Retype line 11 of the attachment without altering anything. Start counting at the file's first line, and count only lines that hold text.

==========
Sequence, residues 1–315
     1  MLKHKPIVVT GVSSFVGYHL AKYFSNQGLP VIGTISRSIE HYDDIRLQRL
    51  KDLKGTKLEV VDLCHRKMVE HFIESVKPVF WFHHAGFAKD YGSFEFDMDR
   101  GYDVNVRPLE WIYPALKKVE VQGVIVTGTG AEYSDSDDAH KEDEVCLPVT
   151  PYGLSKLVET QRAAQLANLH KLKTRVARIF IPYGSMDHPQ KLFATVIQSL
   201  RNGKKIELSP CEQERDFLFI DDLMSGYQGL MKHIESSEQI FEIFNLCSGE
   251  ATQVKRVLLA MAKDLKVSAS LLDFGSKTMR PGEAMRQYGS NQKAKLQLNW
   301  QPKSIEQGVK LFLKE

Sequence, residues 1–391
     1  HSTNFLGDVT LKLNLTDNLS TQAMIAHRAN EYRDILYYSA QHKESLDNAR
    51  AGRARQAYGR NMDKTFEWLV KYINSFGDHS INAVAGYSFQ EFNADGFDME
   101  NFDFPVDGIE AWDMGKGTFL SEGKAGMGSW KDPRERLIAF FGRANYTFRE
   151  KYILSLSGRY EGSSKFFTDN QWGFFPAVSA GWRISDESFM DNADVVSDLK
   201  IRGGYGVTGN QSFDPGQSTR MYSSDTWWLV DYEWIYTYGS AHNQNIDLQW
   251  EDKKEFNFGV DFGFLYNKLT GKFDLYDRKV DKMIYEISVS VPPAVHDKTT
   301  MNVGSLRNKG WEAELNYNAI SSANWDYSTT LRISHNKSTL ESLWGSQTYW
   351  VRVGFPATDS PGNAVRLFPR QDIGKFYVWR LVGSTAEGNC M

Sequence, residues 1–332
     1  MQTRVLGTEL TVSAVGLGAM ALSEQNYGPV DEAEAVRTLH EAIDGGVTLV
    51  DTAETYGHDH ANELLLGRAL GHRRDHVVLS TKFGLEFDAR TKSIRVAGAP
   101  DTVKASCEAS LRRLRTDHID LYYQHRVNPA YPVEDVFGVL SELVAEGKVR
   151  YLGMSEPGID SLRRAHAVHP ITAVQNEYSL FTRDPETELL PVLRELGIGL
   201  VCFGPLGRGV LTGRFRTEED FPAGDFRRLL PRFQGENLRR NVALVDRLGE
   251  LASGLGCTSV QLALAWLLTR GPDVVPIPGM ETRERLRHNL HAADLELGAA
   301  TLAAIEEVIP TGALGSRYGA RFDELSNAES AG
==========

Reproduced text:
    51  AGRARQAYGR NMDKTFEWLV KYINSFGDHS INAVAGYSFQ EFNADGFDME